No guns, just pancakes at Jefferson Avenue IHOP
Midnight hours, rowdy patrons cause restaurant to introduce security team
I can't decide if the sign at the East Jefferson Avenue IHOP is reassuring, but there's no question it's a sign of the times.
It's bolted to a wall outside the front door. "THIS IHOP IS A PISTOL FREE ZONE," it declares, "WITH THE EXCEPTION OF LAW ENFORCEMENT." Then it politely adds, "THANK YOU."
Personally, I have never felt the need to tote a Smith & Wesson to a place that serves me Bacon & Eggs. And call me naïve, but it's never occurred to me that my fellow diners might have revolvers tucked in the waistbands of their pants.
There's apparently a difference, though, between my dining experience and the IHOP's retail experience. So keep your junk in the trunk, customers, and would you like those hash browns extra-crispy?
"Here's the thing," says Raymond Jefferson, one of the managers at Detroit's only International House of Pancakes. He's being polite, but what he really means is, "Here's the reality, you poor, sheltered suburbanite."
"We run a midnight shift over the weekend," he continues -- from 6 a.m. Friday to 10 p.m. Sunday, the doors stay open -- and at 4 a.m., the customers did not just come from church.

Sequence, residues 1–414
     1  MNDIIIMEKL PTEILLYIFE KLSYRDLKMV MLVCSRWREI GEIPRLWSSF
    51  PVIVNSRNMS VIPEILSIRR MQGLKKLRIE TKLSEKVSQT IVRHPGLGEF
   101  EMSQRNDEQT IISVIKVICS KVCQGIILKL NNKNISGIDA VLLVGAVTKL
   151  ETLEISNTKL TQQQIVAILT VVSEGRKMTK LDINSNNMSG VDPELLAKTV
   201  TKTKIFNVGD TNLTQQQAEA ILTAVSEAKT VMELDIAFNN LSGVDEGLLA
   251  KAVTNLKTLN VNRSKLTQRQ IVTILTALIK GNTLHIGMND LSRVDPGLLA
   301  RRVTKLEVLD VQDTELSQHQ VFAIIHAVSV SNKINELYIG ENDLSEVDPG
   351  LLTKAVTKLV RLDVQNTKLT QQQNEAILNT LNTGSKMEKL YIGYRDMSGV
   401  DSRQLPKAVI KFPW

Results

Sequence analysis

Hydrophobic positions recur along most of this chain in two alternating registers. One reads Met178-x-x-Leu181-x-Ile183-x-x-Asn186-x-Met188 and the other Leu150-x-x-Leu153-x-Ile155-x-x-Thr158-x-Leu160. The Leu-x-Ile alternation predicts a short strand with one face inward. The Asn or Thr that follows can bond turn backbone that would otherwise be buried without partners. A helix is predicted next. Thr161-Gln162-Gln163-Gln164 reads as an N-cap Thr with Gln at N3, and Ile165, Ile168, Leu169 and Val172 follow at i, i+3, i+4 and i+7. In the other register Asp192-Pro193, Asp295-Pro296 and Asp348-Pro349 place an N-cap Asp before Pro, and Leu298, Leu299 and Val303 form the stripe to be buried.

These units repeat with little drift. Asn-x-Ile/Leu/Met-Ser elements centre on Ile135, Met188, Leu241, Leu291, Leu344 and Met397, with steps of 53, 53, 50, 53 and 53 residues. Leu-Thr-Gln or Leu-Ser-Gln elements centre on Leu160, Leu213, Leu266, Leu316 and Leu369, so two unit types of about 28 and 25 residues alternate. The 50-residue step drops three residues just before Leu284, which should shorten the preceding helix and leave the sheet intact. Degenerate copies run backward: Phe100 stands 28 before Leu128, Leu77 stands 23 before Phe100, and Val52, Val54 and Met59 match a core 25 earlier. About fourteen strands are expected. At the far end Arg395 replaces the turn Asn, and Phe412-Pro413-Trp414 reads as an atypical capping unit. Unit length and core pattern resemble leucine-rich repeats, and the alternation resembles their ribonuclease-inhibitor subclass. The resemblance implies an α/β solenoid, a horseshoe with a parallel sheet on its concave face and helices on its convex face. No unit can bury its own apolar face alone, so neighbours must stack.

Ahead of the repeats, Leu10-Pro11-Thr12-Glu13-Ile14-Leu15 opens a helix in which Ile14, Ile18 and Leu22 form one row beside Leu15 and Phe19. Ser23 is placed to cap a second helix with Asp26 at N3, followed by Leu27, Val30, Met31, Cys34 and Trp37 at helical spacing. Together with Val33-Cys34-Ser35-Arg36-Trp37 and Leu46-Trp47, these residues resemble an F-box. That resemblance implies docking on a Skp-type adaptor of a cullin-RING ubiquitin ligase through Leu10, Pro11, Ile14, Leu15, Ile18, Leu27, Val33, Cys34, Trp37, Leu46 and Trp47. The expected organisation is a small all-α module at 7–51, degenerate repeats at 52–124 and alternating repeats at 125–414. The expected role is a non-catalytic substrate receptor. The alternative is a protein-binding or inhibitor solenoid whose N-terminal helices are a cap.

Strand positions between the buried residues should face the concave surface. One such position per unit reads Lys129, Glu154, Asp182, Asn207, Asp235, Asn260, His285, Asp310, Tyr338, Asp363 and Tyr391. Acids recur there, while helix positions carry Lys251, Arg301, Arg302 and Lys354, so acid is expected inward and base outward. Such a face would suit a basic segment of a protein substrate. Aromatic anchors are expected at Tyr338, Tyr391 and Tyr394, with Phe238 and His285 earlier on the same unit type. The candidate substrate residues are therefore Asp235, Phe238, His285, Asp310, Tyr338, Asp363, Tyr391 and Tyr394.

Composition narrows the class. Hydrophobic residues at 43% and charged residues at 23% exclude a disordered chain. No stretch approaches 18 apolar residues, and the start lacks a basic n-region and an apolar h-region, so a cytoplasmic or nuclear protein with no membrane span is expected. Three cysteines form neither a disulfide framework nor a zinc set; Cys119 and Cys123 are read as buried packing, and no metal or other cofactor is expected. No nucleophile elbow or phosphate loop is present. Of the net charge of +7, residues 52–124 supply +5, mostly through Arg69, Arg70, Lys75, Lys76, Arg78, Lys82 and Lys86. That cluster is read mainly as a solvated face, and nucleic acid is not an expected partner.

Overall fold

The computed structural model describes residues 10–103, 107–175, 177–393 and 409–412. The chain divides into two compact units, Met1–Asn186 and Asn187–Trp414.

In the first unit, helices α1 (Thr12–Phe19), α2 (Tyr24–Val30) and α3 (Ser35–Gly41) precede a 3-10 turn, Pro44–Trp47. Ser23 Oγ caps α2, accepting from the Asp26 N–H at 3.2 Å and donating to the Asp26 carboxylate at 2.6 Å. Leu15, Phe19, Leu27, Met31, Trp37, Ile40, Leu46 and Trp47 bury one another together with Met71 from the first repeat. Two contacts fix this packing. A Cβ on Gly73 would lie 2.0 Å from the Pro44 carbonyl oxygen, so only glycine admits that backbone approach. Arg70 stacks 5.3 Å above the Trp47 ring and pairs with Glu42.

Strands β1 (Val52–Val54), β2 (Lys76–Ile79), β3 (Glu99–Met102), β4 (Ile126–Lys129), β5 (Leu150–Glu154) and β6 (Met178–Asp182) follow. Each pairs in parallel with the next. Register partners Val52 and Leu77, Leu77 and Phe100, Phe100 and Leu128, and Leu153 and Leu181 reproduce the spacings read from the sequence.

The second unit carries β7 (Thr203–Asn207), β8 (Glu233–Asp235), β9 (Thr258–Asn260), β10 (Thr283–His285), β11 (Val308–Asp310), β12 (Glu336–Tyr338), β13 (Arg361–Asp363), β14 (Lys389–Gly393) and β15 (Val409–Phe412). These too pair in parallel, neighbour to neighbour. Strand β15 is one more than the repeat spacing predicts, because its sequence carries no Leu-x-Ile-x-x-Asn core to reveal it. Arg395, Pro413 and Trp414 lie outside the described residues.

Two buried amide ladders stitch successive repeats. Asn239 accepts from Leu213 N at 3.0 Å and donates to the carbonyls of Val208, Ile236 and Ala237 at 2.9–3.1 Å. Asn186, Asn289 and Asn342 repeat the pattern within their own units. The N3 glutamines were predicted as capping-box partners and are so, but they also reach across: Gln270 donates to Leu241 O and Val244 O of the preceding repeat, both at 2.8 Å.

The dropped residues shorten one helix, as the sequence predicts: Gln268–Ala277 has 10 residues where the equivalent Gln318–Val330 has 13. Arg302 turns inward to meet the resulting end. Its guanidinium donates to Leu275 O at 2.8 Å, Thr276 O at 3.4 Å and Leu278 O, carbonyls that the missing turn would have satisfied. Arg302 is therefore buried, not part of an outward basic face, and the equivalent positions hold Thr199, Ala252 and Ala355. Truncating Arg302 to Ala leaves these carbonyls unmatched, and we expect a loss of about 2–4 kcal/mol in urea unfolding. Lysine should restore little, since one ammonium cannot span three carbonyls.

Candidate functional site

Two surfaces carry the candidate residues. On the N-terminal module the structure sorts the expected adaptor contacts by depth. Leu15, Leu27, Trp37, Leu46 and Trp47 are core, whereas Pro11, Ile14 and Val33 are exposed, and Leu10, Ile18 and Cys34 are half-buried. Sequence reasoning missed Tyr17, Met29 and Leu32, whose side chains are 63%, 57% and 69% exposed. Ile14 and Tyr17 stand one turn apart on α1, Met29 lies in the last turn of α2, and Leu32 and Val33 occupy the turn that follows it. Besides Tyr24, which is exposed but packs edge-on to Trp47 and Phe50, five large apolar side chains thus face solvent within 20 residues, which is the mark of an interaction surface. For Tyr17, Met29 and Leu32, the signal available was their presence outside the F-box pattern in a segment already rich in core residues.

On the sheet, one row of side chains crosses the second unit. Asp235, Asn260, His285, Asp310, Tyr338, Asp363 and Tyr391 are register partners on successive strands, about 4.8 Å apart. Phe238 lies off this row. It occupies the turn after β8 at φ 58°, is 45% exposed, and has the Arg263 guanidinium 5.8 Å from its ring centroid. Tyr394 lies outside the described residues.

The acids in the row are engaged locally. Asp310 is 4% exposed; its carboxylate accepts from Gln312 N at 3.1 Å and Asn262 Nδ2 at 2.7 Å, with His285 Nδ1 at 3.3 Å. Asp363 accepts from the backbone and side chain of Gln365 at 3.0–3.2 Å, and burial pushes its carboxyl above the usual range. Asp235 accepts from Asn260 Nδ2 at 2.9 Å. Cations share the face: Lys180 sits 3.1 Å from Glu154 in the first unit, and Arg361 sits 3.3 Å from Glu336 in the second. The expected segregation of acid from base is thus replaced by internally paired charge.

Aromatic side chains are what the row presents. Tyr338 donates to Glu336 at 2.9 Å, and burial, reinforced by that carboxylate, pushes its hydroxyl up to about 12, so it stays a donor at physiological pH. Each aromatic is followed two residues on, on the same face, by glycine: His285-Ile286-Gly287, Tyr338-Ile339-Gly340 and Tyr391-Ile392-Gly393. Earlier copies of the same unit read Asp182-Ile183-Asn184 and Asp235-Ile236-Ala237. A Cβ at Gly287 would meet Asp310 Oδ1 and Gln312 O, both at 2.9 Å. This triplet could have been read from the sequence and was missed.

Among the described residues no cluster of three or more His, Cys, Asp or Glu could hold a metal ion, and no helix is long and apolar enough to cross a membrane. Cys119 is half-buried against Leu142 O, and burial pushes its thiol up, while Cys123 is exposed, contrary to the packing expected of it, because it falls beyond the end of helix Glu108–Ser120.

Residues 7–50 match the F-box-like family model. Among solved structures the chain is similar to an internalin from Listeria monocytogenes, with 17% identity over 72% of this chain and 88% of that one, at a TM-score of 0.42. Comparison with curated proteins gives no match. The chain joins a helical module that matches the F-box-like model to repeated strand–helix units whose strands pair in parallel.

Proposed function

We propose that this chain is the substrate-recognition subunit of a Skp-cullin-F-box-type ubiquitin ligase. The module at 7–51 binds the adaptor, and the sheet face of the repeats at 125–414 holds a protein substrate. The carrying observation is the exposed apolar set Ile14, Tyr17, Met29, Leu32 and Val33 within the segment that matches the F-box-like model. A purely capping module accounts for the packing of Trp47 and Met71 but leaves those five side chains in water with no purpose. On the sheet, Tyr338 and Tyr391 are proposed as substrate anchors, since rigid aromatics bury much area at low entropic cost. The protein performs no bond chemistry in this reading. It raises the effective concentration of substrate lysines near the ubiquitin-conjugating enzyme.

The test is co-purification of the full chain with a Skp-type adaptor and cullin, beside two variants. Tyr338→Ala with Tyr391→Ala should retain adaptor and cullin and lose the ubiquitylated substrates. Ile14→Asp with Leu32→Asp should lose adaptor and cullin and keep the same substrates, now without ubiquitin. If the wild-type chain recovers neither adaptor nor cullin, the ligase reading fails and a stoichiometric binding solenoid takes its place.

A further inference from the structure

Once the bars close, "you get all kinds of people in here," Jefferson says. "When you have drunk people, things can happen. The easiest way to handle it is to head it off at the pass."
On the overnight shifts Friday and Saturday, a former cop leads a security team that wields metal-detecting wands. At a tonier address, customers might be spared the few seconds of inconvenience, but in the wee hours in the city, it's the price you pay for food that doesn't spin out from behind Plexiglas.
You want to make an omelet, you have to break a few eggs. "I tell people, 'If you're complaining, that means you've got something to hide,' " Jefferson says.
The restaurant sits at 2701 E. Jefferson Ave., just east of Chene. It's the same IHOP that Anita Baker's ex-husband, Walter Bridgforth Jr., tore down a historic building to put up.
He later sold it, which means I'll go there now, and I can tell you I've never found a bad meal or an unfriendly employee on the premises.
I typically show up for lunch, when the checkpoint at the door is not in force. I might have to stop back in the wee hours, though, just to hear some hard case with a Glock in his glove box say, "Yes, please, I'd like the Rooty Tooty Fresh 'n Fruity."